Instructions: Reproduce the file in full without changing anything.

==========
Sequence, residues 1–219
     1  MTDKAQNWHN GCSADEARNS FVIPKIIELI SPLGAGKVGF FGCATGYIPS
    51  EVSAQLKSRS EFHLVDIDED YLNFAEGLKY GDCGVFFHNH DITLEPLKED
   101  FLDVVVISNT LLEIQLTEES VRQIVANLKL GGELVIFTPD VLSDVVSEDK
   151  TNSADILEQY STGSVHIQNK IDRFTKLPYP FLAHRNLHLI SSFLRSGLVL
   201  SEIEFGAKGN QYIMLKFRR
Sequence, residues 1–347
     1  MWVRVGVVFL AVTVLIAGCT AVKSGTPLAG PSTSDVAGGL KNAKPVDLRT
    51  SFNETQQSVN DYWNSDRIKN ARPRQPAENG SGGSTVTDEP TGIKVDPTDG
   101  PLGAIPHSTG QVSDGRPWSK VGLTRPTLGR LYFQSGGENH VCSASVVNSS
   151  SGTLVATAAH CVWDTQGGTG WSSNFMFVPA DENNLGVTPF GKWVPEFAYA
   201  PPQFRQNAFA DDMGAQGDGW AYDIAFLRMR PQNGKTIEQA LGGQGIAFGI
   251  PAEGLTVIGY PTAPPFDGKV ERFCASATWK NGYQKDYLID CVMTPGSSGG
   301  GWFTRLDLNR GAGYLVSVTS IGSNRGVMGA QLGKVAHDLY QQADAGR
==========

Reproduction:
Sequence, residues 1–219
     1  MTDKAQNWHN GCSADEARNS FVIPKIIELI SPLGAGKVGF FGCATGYIPS
    51  EVSAQLKSRS EFHLVDIDED YLNFAEGLKY GDCGVFFHNH DITLEPLKED
   101  FLDVVVISNT LLEIQLTEES VRQIVANLKL GGELVIFTPD VLSDVVSEDK
   151  TNSADILEQY STGSVHIQNK IDRFTKLPYP FLAHRNLHLI SSFLRSGLVL
   201  SEIEFGAKGN QYIMLKFRR
Sequence, residues 1–347
     1  MWVRVGVVFL AVTVLIAGCT AVKSGTPLAG PSTSDVAGGL KNAKPVDLRT
    51  SFNETQQSVN DYWNSDRIKN ARPRQPAENG SGGSTVTDEP TGIKVDPTDG
   101  PLGAIPHSTG QVSDGRPWSK VGLTRPTLGR LYFQSGGENH VCSASVVNSS
   151  SGTLVATAAH CVWDTQGGTG WSSNFMFVPA DENNLGVTPF GKWVPEFAYA
   201  PPQFRQNAFA DDMGAQGDGW AYDIAFLRMR PQNGKTIEQA LGGQGIAFGI
   251  PAEGLTVIGY PTAPPFDGKV ERFCASATWK NGYQKDYLID CVMTPGSSGG
   301  GWFTRLDLNR GAGYLVSVTS IGSNRGVMGA QLGKVAHDLY QQADAGR